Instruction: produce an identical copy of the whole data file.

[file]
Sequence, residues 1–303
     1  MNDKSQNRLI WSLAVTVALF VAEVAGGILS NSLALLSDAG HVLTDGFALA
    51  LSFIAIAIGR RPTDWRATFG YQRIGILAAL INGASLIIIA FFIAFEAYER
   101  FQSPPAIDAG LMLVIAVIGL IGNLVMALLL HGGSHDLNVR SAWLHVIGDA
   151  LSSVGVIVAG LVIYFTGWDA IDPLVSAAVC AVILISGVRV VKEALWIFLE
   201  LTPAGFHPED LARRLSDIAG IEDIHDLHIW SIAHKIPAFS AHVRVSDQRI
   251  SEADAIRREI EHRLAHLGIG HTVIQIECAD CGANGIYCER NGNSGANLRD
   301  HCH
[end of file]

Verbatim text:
Sequence, residues 1–303
     1  MNDKSQNRLI WSLAVTVALF VAEVAGGILS NSLALLSDAG HVLTDGFALA
    51  LSFIAIAIGR RPTDWRATFG YQRIGILAAL INGASLIIIA FFIAFEAYER
   101  FQSPPAIDAG LMLVIAVIGL IGNLVMALLL HGGSHDLNVR SAWLHVIGDA
   151  LSSVGVIVAG LVIYFTGWDA IDPLVSAAVC AVILISGVRV VKEALWIFLE
   201  LTPAGFHPED LARRLSDIAG IEDIHDLHIW SIAHKIPAFS AHVRVSDQRI
   251  SEADAIRREI EHRLAHLGIG HTVIQIECAD CGANGIYCER NGNSGANLRD
   301  HCH